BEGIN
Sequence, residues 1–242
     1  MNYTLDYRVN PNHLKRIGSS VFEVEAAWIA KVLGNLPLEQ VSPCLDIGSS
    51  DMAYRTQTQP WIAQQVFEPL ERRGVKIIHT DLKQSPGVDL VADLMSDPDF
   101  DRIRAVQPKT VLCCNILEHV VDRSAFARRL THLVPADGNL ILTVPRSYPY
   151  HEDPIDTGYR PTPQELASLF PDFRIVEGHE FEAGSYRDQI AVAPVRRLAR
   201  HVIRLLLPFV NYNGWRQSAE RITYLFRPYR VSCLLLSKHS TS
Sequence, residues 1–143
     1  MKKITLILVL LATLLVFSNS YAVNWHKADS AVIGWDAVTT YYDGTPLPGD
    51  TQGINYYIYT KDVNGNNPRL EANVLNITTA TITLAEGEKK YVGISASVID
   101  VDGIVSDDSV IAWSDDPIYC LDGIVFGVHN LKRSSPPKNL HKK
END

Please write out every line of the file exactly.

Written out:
Sequence, residues 1–242
     1  MNYTLDYRVN PNHLKRIGSS VFEVEAAWIA KVLGNLPLEQ VSPCLDIGSS
    51  DMAYRTQTQP WIAQQVFEPL ERRGVKIIHT DLKQSPGVDL VADLMSDPDF
   101  DRIRAVQPKT VLCCNILEHV VDRSAFARRL THLVPADGNL ILTVPRSYPY
   151  HEDPIDTGYR PTPQELASLF PDFRIVEGHE FEAGSYRDQI AVAPVRRLAR
   201  HVIRLLLPFV NYNGWRQSAE RITYLFRPYR VSCLLLSKHS TS
Sequence, residues 1–143
     1  MKKITLILVL LATLLVFSNS YAVNWHKADS AVIGWDAVTT YYDGTPLPGD
    51  TQGINYYIYT KDVNGNNPRL EANVLNITTA TITLAEGEKK YVGISASVID
   101  VDGIVSDDSV IAWSDDPIYC LDGIVFGVHN LKRSSPPKNL HKK